Taking up the family torch
The second generation of the Cyr family has taken up the torch from the contracting company’s founder, their father, Edgar, and is moving ahead supported by a strong and varied equipment line-up.
By Tony Kryzanowski
Logger Leon Cyr is optimistic about the forest industry’s future in Saskatchewan. The province is home to some of the most modern lumber, engineered wood, and pulp manufacturing facilities in the world, so he has cause for optimism. He is co-owner of Cyr Contracting, a long-time logging contractor for Weyerhaeuser. “If you can keep your costs down and your production as high as possible with state-of-the-art mills, I feel that with good management you should be able to compete with everybody else in the game,” says Cyr. Weyerhaeuser has invested heavily in the province in recent years.
For example, it has built an OSB plant in Hudson Bay at a cost of $220 million, upgraded its Big River sawmill to a state-of-the-art facility at a cost of $90 million, launched a joint venture with an aboriginal group to build Wapawekka Lumber in Prince Albert at a cost of $22.5 million, and recently completed a major upgrade of its pulp mill, also in Prince Albert, at a cost of $315 million. “Weyerhaeuser has a pretty big Forest Management Area here between Prince Albert and Hudson Bay to keep the existing mills going,” says Cyr, “so I’m optimistic that the future should be good for a few years for Prince Albert and area. We’re fortunate that Weyerhaeuser has been able to keep their mills and us contractors busy.”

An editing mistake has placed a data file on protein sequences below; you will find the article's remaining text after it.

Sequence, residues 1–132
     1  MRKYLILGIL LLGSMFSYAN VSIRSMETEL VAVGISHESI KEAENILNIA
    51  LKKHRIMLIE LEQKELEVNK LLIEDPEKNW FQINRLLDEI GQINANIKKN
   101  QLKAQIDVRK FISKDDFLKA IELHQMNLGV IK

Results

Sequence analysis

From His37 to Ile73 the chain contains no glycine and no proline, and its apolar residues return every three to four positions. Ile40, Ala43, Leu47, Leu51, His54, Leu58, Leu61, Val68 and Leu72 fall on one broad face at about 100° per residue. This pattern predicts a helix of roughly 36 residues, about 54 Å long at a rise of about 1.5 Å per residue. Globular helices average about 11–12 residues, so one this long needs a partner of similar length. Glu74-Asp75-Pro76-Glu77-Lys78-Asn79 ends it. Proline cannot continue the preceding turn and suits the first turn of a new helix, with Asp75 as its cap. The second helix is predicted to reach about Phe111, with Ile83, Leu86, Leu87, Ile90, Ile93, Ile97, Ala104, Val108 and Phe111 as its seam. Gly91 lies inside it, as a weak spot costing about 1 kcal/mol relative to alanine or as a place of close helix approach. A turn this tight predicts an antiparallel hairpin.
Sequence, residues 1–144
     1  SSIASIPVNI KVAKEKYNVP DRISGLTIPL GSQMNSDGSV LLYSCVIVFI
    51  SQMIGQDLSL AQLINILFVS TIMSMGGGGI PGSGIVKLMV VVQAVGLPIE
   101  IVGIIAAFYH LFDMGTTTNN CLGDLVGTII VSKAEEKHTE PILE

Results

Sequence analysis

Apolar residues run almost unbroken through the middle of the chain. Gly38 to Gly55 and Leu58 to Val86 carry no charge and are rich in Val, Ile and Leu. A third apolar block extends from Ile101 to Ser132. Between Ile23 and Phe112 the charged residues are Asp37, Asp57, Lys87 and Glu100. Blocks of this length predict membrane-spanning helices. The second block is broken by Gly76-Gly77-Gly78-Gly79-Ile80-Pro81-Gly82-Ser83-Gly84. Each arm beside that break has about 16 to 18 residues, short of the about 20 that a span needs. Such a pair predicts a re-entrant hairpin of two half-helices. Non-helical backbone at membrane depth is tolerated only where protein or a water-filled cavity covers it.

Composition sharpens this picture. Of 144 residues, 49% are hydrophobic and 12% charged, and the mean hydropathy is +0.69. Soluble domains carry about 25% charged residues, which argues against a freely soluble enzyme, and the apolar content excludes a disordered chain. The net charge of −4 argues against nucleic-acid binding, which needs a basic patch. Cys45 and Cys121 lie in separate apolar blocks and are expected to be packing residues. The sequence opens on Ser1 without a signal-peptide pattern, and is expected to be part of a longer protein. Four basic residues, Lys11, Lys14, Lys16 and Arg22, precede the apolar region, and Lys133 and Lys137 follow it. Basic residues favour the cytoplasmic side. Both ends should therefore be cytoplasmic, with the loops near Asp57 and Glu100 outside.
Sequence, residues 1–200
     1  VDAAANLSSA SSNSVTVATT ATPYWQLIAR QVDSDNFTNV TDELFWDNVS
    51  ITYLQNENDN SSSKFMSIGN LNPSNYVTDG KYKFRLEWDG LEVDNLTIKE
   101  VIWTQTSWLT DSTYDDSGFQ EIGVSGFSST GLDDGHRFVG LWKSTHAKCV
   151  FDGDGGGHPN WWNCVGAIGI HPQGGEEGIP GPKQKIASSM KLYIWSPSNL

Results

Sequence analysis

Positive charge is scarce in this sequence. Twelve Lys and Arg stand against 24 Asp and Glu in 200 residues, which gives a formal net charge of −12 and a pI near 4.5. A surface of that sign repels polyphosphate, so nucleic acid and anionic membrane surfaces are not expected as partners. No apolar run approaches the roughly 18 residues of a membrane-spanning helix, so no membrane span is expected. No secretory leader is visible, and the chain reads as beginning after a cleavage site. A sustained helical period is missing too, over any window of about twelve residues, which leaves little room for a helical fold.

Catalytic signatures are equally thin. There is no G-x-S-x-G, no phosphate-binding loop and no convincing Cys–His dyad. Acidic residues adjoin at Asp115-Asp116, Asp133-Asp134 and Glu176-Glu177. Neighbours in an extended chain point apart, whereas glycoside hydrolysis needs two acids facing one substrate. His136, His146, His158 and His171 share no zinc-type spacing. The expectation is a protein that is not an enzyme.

The Cyr family also continues to support Saskatchewan’s forest industry. Leon and his brothers, Ivan and John, are in the midst of buying out their parents, long-time Saskatchewan logger Edgar Cyr and his wife, Odile. Leon’s sister, Elise, also has shares in the company. Although second generation family members are taking ownership of the business, none are strangers to forestry. Leon has 24 years of hands-on experience with Cyr Contracting, while brother John has been at it for 20 years. After acquiring a certificate in engineering technology, brother Ivan joined the company and manages the shop and head office in Prince Albert with their sister, Elise.